“And we need to replace the current chaotic pricing with a logical and consistent pricing structure where opportunities for split ticketing are no longer endemic.”

European-inspired incentives

Worthwhile incentives that deliver consistent value to everyone, without loopholes, have proved popular on the continent – the UK could gain a lot by following suit. For example, in Germany, Deutsche Bahn is launching a €49-a-month (£43) pass that offers unlimited travel on the rail network, and it’s available to anyone. It follows a successful trial last summer when the same passes were offered for €9, prompting a surge in rail travel across the country. The passes will now be permanent fixtures and work out at around £1.40 a day.

Germany, Deutsche Bahn is launching a €49-a-month (£43) pass that offers unlimited travel on the rail network - AF/GETTY
Germany, Deutsche Bahn is launching a €49-a-month (£43) pass that offers unlimited travel on the rail network - AF/GETTY

Return to retro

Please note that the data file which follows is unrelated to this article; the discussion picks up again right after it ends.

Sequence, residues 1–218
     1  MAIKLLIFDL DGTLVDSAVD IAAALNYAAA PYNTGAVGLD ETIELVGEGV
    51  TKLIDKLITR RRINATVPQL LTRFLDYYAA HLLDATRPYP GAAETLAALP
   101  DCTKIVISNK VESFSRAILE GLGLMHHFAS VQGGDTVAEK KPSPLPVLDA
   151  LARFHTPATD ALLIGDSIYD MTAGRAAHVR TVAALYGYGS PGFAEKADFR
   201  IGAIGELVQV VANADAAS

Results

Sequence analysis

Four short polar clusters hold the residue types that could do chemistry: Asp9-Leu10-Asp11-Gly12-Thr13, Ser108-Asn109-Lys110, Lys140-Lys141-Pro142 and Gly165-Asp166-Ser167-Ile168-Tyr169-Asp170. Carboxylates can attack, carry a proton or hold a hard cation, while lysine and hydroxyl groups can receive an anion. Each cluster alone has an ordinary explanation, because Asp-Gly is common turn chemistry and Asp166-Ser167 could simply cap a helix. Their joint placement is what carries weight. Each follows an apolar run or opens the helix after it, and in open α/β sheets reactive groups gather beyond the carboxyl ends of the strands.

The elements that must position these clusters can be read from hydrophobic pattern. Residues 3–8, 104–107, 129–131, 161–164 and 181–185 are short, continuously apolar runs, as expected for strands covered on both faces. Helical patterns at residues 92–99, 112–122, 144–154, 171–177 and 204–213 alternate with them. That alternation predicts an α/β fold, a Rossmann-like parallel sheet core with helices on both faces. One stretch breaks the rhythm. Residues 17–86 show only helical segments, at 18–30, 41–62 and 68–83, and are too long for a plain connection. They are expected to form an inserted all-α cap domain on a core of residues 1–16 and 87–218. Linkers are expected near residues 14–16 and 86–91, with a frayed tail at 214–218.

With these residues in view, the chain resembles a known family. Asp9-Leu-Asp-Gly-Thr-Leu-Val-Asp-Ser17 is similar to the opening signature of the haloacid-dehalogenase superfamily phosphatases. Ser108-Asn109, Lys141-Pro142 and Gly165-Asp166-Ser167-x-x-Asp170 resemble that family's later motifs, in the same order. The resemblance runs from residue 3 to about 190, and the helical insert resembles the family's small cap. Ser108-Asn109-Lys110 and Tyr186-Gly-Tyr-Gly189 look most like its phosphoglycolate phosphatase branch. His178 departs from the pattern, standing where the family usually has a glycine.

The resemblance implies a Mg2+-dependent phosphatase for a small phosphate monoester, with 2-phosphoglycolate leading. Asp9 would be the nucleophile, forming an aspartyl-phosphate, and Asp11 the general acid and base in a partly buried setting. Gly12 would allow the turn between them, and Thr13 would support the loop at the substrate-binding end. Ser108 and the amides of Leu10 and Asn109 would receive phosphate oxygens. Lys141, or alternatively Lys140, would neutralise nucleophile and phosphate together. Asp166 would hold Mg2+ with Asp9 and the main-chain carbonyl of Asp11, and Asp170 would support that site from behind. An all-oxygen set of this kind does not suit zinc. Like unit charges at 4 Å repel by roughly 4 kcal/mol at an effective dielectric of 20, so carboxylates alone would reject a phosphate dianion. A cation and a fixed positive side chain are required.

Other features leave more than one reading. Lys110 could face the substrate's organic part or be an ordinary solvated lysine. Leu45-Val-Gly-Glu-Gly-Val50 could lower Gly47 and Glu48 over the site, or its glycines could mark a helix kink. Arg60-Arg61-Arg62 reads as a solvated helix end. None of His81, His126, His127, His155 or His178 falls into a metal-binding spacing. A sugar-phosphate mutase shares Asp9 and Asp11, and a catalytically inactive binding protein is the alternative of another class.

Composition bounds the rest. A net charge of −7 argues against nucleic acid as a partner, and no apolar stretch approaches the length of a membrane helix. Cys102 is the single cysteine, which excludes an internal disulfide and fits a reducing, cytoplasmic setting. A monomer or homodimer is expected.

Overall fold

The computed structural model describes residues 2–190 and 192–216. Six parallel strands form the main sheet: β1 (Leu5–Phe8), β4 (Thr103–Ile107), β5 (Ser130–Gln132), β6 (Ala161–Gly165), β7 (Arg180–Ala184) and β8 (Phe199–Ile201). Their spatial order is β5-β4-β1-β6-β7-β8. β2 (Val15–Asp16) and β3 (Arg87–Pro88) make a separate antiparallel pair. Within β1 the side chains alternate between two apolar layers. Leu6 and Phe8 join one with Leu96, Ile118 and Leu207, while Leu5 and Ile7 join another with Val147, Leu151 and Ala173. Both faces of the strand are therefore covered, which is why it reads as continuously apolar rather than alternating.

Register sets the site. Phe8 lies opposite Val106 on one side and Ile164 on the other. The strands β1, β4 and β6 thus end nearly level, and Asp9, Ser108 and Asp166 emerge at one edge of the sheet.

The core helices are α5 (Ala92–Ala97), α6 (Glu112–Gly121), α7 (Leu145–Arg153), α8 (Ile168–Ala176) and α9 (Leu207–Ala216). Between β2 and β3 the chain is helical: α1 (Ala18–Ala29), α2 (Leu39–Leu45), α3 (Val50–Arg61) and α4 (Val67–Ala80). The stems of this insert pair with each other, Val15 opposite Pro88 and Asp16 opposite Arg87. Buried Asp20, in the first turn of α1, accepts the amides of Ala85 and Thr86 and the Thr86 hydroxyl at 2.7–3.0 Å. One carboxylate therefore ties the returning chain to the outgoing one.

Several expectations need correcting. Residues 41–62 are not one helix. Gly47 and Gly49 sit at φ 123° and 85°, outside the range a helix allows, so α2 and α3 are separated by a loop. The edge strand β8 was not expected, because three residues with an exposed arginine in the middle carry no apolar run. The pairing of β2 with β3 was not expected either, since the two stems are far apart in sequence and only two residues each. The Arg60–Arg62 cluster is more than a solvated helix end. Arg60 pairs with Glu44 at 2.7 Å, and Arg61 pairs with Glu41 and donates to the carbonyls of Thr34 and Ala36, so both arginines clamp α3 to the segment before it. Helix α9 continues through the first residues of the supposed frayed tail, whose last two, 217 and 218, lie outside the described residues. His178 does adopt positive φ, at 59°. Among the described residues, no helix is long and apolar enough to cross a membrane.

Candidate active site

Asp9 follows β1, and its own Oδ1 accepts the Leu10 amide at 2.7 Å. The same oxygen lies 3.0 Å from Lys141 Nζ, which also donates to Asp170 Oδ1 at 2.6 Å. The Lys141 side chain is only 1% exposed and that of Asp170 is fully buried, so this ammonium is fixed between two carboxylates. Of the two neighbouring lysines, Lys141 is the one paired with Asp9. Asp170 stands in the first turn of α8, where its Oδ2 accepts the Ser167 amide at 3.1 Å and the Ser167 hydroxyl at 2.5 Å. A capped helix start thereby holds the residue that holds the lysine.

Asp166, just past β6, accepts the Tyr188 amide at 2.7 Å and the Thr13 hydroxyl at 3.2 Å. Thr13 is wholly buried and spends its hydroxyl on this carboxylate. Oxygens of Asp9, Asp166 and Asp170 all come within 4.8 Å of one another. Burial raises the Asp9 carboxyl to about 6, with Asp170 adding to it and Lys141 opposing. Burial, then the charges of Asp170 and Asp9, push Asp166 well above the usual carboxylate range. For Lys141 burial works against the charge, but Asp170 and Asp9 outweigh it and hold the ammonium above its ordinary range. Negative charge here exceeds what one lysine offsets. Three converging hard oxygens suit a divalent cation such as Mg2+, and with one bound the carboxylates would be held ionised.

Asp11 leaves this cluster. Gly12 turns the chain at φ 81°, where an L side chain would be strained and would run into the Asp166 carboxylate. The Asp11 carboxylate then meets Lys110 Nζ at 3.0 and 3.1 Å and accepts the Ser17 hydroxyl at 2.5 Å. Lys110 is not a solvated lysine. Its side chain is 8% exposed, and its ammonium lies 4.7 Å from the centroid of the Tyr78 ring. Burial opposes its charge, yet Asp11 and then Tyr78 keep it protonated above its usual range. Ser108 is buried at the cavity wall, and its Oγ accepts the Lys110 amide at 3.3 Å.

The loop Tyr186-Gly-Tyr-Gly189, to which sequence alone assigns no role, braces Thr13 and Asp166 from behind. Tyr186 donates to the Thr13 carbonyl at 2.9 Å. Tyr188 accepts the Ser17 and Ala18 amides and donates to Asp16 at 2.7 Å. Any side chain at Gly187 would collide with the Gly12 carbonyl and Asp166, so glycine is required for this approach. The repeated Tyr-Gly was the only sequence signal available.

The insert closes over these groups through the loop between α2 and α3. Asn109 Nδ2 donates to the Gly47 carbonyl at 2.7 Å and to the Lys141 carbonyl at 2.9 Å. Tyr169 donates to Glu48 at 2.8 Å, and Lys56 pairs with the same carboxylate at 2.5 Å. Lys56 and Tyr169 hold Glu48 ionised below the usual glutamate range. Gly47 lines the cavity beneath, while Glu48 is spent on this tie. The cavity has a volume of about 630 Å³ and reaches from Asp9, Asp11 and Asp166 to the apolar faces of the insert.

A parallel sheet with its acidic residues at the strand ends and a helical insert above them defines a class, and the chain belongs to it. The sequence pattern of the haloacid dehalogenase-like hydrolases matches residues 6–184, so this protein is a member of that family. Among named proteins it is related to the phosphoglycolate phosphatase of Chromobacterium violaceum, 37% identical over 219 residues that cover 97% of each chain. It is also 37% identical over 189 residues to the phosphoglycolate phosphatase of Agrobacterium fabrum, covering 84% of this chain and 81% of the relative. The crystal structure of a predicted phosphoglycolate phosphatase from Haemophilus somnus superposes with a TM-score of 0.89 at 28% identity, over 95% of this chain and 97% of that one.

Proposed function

Ticket offices and maps would help inspire confidence and travel ideas, believes Daniel Elkan, founder of SnowCarbon

“In the UK ticket offices have been derided as a waste of money. Nothing could be further from the truth. The ability to talk to someone in person about the best type of fare for a journey is hugely beneficial and saves the traveller money.

“For some reason in the UK, the map of the national rail network was withdrawn from public use. Maps are excellent for both planning journeys and for inspiring them. When you can see how stations link up, and where it’s possible to get to, rail-travel ideas flourish.”

Reliability matters

According to the latest statistics, the proportion of rail services reaching their destination within 15 minutes of their scheduled arrival is at the lowest since records began. At the start of 2023, train cancellations soared to a record level, with 4.5 per cent of services cancelled. In an ideal world our rail system would be reliable and punctual. But in current circumstances customers need reassurance that if plans collapse, they won’t be left out of pocket.

Earlier this month, The Telegraph revealed plans that the Government has discussed raising the minimum delay threshold for repayments following late-running trains from 15 minutes to half an hour. In order to regain travellers’ trust, systems like these are essential, and shouldn’t be stripped back, if anything they should be simplified and made consistent across the board.